April 8th 2000


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Articles from this issue:

EDITORIAL: Mr Howard’s circuit-breaker

NATIONAL AFFAIRS: Fishy business: WTO’s salmon ruling NATIONAL AFFAIRS: Fishy business: WTO’s salmon ruling

AS THE WORLD TURNS

DRUGS: Random drug tests for politicians?

NATIONAL AFFAIRS: UN’s unwelcome interest in local affairs

RURAL: Anger at NP inaction over low farm prices

TELECOMMUNICATIONS: Behind the new Telstra inquiry

CANBERRA OBSERVED: Divisions exposed in ranks of Victorian, NSW Liberals

WORK: Longer working hours: unions ignore developing social crisis

LETTERS: Rural debt a legacy of “get big or get out” mentality

ENVIRONMENT: How Kyoto’s greenhouse gas cuts will hit the hip-pocket

FOREIGN AFFAIRS: Japan faces up to defence, immigration and overwork

INTERNATIONAL AFFAIRS: China’s spiritual vacuum

UNITED STATES: Foetal tissue sales: “dirty secret” of US abortion industry

POLITICAL PHILOSOPHY: Democracy for all?

ECONOMICS: How globalisation puts profits before people

POPULATION: Why won’t Australian women have children?

BOOKS: 'GIVING SORROW WORDS: Women's stories of Post-Abortion Grief', by Melinda Tankard-Reist

BOOKS: 'Karl Marx', by Francis Wheen

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DRUGS:
Random drug tests for politicians?


by News Weekly

News Weekly, April 8, 2000
A recent call by Major Brian Watters of the Salvation Army for random drug tests among our public servants has caused quite a reaction. Major Watters, who chairs the Prime Minister's National Council on Drugs, said that it is possible that some politicans calling for liberalisation of drug policies may be driven by their own drug use.

DrugWatch, a national anti-drug group, supported the proposal, claiming that prevention is the best policy, and drug testing is an important component of such a policy. "It is imperative that any individual involved in legislating, developing and implementing drug policy be completely drug free," the group said.

Predictably, civil libertarians and others were quick to criticise the proposal. Of greater interest, however, were the reactions by some politicians. Many seemed to view the suggestion as quite incredulous. But given that such tests are quick and harmless, why the resistance? If our politicians are living drug-free lives, such tests should present no problem. All the talk of "invasion of privacy" is quite beside the point. If an elected representative is using illicit drugs, the public has a right to know. And if he or she is not, they should be quite eager to let this be known.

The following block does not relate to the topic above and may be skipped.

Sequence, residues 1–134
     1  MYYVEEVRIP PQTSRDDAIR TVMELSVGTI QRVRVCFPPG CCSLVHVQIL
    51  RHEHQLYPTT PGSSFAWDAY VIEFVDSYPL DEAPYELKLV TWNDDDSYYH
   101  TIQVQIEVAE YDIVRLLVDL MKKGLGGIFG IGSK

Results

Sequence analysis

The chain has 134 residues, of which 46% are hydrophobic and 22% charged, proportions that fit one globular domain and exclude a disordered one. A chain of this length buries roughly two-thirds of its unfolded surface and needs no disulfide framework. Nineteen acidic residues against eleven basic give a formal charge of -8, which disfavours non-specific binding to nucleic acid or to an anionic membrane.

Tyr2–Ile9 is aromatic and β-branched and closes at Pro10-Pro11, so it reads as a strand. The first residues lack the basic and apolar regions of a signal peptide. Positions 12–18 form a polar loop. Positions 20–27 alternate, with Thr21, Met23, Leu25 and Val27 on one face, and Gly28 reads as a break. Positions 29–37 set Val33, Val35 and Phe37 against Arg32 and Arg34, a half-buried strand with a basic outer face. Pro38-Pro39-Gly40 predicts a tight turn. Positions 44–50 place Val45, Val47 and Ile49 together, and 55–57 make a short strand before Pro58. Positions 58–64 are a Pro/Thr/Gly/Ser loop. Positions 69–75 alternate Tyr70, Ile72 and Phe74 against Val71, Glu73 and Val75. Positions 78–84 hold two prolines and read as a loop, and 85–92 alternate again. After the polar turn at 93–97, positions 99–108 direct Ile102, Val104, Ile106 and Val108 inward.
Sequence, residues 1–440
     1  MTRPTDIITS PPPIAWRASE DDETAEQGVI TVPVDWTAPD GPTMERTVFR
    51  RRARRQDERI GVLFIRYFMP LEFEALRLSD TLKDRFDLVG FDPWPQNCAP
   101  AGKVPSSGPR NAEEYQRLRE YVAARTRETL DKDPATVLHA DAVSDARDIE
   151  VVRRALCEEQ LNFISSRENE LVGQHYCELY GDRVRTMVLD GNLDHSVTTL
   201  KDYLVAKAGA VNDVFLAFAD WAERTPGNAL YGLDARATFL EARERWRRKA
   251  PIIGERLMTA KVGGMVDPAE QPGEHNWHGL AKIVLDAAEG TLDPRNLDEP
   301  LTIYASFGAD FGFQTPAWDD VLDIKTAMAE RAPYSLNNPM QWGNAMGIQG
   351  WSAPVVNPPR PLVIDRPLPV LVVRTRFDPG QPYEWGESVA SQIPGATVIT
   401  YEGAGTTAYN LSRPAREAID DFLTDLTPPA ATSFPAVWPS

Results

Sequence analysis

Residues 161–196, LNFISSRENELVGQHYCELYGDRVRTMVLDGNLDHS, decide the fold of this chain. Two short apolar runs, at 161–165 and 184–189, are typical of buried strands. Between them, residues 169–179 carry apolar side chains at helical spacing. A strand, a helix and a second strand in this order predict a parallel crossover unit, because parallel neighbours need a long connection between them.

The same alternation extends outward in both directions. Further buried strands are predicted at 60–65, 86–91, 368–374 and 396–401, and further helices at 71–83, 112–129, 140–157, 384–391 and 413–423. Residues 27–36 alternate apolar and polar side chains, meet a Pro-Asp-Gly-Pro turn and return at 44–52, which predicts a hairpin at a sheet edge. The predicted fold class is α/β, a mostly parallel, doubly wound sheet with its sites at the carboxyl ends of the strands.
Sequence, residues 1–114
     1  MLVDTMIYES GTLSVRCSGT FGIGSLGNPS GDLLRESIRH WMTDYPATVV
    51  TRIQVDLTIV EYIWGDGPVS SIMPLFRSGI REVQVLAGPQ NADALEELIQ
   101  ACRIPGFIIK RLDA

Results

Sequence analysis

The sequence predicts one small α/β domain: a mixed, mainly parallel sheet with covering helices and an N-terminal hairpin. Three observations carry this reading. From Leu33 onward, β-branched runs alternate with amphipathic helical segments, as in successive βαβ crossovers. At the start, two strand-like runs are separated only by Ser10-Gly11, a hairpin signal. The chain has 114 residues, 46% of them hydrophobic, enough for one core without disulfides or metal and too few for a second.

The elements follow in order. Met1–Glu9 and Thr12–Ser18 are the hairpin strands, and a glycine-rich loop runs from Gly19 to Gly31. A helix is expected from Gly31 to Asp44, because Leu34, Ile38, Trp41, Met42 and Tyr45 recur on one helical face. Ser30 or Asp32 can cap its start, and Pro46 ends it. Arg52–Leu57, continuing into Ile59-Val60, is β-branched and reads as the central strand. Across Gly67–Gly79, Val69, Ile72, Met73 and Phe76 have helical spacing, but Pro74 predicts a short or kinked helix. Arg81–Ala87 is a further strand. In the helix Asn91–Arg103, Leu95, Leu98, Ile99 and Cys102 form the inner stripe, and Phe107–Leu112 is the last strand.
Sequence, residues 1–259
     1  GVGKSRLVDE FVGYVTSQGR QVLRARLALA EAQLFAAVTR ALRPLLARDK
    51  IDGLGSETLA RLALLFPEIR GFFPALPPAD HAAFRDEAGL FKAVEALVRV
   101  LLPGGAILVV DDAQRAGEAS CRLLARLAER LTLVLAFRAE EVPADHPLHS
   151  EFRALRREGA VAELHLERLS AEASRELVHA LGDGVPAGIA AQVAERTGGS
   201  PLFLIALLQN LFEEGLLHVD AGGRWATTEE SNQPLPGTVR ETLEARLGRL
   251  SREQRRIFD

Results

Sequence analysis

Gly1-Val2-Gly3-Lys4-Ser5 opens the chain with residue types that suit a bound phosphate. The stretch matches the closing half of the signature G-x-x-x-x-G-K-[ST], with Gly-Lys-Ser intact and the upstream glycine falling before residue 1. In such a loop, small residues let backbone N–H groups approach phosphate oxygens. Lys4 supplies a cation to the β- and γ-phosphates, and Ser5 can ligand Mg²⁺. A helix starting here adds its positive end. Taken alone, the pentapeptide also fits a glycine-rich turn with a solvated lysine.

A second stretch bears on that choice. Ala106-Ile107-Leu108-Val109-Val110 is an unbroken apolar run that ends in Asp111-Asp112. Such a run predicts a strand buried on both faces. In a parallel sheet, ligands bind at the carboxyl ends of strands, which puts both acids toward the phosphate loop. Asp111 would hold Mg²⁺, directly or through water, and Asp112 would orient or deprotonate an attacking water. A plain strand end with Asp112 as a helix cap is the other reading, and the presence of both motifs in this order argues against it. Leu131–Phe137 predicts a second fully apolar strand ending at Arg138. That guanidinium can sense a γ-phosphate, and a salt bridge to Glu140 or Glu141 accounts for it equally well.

Just as a chain-smoking politician may be influenced on his/her vote on legislation relating to tobacco, or a porn-viewing politician may be influenced on his/her vote on legislation relating to X-rated videos, surely a drug-taking politician may be influenced on his/her vote of legislation regarding the drug debate.

Moreover, given that drug-use affects decision making and alertness, what of driving under the influence of drugs? Taxpayers foot the bill for the transport of our politicians. If a politician is involved in an accident as a result of taking drugs, should the taxpayer have to bear the burden?

Our public servants are presumably commited to upholding the laws of the land. If a politican is in fact violating those laws by illicit drug use, the public has very good reasons for being informed about this.

Much has been made of American political candidates revealing past drug use. Voters have a right to know what a potential political leader has done in such areas. If a politican has in the past broken the law, or is presently breaking the law, such knowledge is indeed of importance to the general public.

If our politicians have nothing to hide in this regard, they should be willing to stand up and be counted. Reacting with red herrings like "invasion of privacy" only makes Major Watters' proposal seem all the more justified.




























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